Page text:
Take the Ultimate Tour of Turkey’s Hidden Gems and Must-Do SightsBy Sevil Delin
Turkey is full of both simple pleasures and cultural highlights — and for visitors seeking both, it is also is rich in choice. Whether you are interested in history, gastronomy, music, culture, religion, architecture or the arts, Turkey offers options in spades, from the simplest street kebab to the most elegant fine dining by the Bosphorus.
The easiest way to travel around Turkey is by plane, then once at your destination, hire a driver who can also serve as a guide and translator. This way, you can plan a rough itinerary but still have the option to make spontaneous stops as you explore.
As always, check for travel restrictions and closures before planning your trip.
If Istanbul is the heart and soul of Turkey, then the Bosphorus waterway is like the blood flow that keeps the heart beating — famously straddling continents, cultures and cuisines.
As you traverse the historic peninsula, must-see stops include the Blue Mosque, Topkapı Palace and the Haghia Sophia, which was recently converted back into a mosque.
Depending on your mood, stop for lunch to try simple but delicious “köfte” meatballs at the casual Tarihi Sultanahmet Köftecisi Selim Usta or fine dining in a former hammam at Lokanta 1741. You should also book a boat trip up and down the Bosphorus, renting your own yacht and enjoying an onboard chef and a swim.
Make sure to explore the streets of Karaköy, enjoying the blend of simple hardware stores and high-end galleries, including the handful of top local galleries in the Juma Karaköy building. For drinks and dinner overlooking the city, head to Spago at The St. Regis Istanbul.
End your stay in Istanbul with a bit of pampering — either a cleansing ritual bath at the Kılıç Ali Hamam in Karaköy or traditional Ayurvedic and hammam treatments the spa at JW Marriott Istanbul Bosphorus.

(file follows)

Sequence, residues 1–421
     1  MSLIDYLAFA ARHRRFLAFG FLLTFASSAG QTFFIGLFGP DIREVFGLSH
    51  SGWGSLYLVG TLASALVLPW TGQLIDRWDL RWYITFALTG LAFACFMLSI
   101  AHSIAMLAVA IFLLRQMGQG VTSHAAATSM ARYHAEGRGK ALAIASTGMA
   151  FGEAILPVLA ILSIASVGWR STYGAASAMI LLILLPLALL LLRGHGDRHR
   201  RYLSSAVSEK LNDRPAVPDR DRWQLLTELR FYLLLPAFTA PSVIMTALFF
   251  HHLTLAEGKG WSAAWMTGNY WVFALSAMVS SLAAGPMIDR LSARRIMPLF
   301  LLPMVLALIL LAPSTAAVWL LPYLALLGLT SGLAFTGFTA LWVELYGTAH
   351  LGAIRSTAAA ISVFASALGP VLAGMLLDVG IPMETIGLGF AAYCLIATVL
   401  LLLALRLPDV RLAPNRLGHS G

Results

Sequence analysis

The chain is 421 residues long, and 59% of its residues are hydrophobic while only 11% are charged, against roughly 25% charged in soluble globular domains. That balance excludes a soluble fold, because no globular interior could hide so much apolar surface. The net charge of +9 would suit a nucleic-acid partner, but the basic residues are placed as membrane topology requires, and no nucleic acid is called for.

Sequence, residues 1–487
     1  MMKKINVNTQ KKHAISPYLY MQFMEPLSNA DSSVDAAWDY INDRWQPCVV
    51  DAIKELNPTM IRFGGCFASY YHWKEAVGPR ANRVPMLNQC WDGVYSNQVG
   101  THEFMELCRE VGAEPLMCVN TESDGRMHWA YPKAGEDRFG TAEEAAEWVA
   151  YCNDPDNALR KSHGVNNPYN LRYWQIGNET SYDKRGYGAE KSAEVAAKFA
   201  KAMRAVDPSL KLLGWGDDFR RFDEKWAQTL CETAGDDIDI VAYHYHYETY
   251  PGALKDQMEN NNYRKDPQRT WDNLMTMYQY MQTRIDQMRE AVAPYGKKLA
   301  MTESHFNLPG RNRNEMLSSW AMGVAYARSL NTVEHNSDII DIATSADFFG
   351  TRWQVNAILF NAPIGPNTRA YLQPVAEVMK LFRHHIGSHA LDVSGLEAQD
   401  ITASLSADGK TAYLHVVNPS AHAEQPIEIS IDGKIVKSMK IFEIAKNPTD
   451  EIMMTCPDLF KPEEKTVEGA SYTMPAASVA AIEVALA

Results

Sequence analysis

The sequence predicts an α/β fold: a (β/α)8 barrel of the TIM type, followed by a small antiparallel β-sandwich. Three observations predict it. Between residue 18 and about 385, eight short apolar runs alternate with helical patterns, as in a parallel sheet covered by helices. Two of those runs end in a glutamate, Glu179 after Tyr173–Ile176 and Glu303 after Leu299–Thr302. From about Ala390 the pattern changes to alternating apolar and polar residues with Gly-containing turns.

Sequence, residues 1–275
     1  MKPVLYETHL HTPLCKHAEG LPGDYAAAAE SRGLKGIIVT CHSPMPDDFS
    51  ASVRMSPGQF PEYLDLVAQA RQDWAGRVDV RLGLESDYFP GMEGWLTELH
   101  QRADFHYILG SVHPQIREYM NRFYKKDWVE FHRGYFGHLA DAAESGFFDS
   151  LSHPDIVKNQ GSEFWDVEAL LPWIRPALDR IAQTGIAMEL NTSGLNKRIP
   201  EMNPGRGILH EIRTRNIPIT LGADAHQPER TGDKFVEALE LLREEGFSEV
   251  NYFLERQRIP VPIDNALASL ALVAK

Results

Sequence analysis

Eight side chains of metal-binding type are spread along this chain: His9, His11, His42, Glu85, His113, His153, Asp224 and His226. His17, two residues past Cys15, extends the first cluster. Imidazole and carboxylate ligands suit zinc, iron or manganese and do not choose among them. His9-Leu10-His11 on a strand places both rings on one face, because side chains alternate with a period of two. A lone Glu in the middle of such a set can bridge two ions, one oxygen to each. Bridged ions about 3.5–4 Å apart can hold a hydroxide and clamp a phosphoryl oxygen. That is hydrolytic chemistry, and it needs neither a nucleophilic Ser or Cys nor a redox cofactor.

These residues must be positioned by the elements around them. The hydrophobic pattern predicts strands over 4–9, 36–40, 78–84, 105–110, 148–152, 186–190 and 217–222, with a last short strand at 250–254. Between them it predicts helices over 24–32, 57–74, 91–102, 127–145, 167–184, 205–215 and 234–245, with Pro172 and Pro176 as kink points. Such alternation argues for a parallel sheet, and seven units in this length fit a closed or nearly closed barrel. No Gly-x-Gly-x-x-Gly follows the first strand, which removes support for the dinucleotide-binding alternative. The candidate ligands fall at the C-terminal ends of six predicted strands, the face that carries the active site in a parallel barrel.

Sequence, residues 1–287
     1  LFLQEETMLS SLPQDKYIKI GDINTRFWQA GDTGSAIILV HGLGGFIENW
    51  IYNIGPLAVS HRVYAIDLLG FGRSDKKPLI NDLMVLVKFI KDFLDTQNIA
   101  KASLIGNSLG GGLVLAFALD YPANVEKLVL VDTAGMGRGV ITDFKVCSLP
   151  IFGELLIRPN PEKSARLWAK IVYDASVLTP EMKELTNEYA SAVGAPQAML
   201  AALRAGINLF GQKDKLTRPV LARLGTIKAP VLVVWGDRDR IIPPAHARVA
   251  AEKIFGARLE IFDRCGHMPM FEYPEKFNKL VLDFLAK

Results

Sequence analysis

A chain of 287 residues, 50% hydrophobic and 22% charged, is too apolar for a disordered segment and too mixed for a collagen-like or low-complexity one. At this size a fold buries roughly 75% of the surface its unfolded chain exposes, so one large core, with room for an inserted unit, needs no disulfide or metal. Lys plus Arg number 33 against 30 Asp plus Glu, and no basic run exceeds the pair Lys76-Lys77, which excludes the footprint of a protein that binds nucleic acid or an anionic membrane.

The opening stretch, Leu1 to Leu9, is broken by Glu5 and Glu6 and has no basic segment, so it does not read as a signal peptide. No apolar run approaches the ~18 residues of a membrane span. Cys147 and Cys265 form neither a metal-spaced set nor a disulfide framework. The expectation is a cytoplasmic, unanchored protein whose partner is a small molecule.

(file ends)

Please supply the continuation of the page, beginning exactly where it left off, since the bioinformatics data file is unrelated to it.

From Istanbul, head to Ankara, Turkey’s political capital, which retains a warm, Anatolian energy. Once there, visit Ankara Citadel, which dates back to the Roman, Seljuk and Ottoman Empires. Exploring the interior of this fortress feels much like wandering through an Anatolian village, with its narrow winding streets and traditional wood-beamed houses.
Ankara boasts many exquisite museums, and the top two are the Ethnography Museum and the Museum of Anatolia Civilizations. But perhaps the most atmospheric site is Anıtkabır, the mausoleum and memorial to the founder of the Republic of Turkey, Mustafa Kemal Atatürk, which never fails to impress visitors.
Surprisingly, perhaps, Ankara is renowned for its fish restaurants, despite (or perhaps because of) being landlocked, and Trilye Balık is a perennial favorite.
After Ankara, head to the shores of the Aegean Sea for some R & R after pounding the pavements in Istanbul and Ankara. Once in Bodrum you are greeted by the imposing and recently restored Castle of St. Peter, now an evocative museum of underwater archeology.
Once you’ve had a culture and history fix at the castle, make your way to Yalikavak Marina, where you can wander through high-end boutiques and gaze upon jaw-dropping yachts tucked into the marina’s slips.
To experience epic waterfront views combined with the flavors of South Aegean and Mediterranean cuisine at its finest, head to Morena restaurant at The Bodrum EDITION or Glass Restaurant at Caresse, a Luxury Collection Resort & Spa.
Once you’ve experienced Bodrum, make your way to Çeşme. While based here, plan a visit to the ancient Greek city of Ephesus (a 90-minute drive away), famed for the extravagant ruins of the ancient Celsus Library, built in A.D. 117.
As you traverse the region, you’ll soon discover the Greeks left their indelible mark on this region in the form of vineyards that dot the area, which make for a fine day of tastings — particularly at the famed Urla Winery.
Çeşme is also a center of water sports, with the charming village of Alaçatı boasting a shallow bay that is ideal for both beginner and advanced windsurfers.